Sat, 13 April 2024

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Boris Johnson vows to ‘put arms around every single worker’ with help for self-employed ‘in days’

Boris Johnson

4 min read

Boris Johnson said the Government would put its “arms around every single worker” during the coronavirus crisis as he promised to unveil help for the self-employed “in the next couple of days”.

The Prime Minister told MPs his administration had already taken “extraordinary steps” to try and shield workers from the impact of the shutdown of ordinary life as the country battles to contain the spread of coronavirus.

And Number 10 confirmed fresh help for self-employed workers would be unveiled on Thursday after criticism they have been left out of an economic rescue package.

Ministers are under increasing pressure to protect Britain’s five million-strong army of contractors and freelance workers from what analysts predict will be a steep recession prompted by the Covid-19 outbreak.

Chancellor Rishi Sunak last week unveiled plans to underwrite up to 80% of the wages of employees in firms affected by the crisis, in exchange for them keeping workers on their books rather than resorting to lay-offs.

Speaking at a sparsely-attended Prime Minister’s Questions, Mr Johnson said: "As a society, and as a country, we are doing quite an extraordinary thing, which is for the first time in our history, to get through this crisis, we are putting our arms as a country, around every single worker, every single employee in this country.”

He told Labour’s Jeremy Corbyn: “It is a quite unprecedented step and... I know there are concerns about the self-employed, but he will be hearing more in the next couple of days from the Chancellor."

Downing Street later said measures to help the self-employed would be unveiled on Thursday, with Mr Sunak again appearing alongside Mr Johnson at a joint press conference.

And the PM added: "We will get this country through this crisis with these exceptional steps, and I can tell him, we will do absolutely everything that it takes.

"We will do whatever it takes to get our country through it together."

The SNP’s Westminster leader Ian Blackford said self-employed workers were “deeply concerned about the jobs and the families they support” amid predictions from the Resolution Foundation think tank that 1.7 million could find themselves out of work entirely. 

And he said of Mr Johnson’s vow: “These are the same promises that have now been made for weeks. And yet, we and they are waiting.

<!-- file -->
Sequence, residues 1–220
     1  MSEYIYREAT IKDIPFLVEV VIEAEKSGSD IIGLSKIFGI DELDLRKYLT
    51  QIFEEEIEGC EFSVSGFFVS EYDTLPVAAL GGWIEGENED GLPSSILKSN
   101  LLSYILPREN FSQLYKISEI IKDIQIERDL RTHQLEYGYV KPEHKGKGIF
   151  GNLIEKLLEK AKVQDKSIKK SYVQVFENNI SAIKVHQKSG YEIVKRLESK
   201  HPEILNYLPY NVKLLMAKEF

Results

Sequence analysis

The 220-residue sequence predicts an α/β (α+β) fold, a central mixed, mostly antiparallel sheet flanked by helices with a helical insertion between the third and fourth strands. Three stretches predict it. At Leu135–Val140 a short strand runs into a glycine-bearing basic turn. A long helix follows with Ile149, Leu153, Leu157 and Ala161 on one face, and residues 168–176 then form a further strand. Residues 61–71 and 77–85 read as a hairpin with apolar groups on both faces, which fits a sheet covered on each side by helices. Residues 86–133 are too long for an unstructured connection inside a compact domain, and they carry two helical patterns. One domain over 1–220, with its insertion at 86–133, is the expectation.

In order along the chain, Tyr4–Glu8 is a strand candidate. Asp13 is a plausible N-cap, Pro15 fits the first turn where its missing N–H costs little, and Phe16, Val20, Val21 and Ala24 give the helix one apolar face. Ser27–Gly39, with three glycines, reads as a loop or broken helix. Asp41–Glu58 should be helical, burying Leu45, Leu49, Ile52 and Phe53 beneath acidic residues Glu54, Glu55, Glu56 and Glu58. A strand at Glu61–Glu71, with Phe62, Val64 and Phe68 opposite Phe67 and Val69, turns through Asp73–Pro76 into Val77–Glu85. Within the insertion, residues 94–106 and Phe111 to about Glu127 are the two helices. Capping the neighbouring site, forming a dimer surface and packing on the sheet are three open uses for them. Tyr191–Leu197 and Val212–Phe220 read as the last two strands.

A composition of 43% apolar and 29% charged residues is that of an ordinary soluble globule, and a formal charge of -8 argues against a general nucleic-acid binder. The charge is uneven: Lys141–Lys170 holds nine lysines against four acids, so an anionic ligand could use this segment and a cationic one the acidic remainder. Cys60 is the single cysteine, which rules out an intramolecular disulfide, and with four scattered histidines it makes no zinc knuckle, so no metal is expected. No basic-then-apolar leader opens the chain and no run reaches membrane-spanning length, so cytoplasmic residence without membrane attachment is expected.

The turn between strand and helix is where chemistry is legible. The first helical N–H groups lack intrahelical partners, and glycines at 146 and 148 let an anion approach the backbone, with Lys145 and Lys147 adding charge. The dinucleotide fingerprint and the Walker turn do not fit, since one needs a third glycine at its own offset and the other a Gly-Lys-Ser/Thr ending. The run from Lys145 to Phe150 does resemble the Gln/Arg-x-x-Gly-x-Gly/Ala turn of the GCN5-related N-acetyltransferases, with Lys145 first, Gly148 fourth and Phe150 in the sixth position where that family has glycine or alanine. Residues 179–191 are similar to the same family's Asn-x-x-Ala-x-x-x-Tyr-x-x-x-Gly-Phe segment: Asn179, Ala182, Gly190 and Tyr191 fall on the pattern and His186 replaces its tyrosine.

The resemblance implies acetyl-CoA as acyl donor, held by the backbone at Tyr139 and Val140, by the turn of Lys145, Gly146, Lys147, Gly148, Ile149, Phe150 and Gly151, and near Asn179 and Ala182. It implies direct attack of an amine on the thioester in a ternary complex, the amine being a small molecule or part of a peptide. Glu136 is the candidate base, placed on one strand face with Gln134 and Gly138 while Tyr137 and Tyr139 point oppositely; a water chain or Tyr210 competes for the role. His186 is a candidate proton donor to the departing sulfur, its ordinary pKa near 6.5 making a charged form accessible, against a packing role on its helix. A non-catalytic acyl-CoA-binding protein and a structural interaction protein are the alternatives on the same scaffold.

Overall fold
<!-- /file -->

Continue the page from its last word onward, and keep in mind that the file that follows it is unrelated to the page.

"Can the Prime Minister explain why the package for the self-employed was not put in place before we announced the lockdown?"

The PM said the Government had “done a huge amount already to strengthen the safety net for everyone in this country”, including increasing welfare payments through the Universal Credit system by £1,000 a year.

He added: "We are deferring VAT until the next quarter as he knows. There is access to government financed loans, but there are particular complexities about the self-employed which do need to be addressed. 

“They are not all in the same position and all I can say is that we are working as fast as we possibly can to get the appropriate package of support for everyone in this country, and that is what we are going to do."

And Mr Corbyn - making his final PMQs appearance as Labour leader in an extended session - said MPs were hearing from constituents who were already being “threatened with eviction now because they are in rent arrears” through coronavirus-related lay-offs.


The Prime Minister’s pledge to help the self-employed came as he hinted at fresh action to clamp down on people seeking to take advantage of the coronavirus crisis by ramping up the price of goods as supermarkets battle to keep food on the shelves.

Asked by Conservative MP Alex Stafford whether the Government would act to “stamp out the disgusting scourge of blackmarket profiteering”, Mr Johnson said: “Yes indeed.

"I think the profiteering is something we should be looking at from a legislative point of view in this House as has happened before in this country.”

The PM urged Brits not to stockpile goods, saying supermarkets had “adequate supplies” and that it was “very important that everybody acts reasonably and considerately for other people”.

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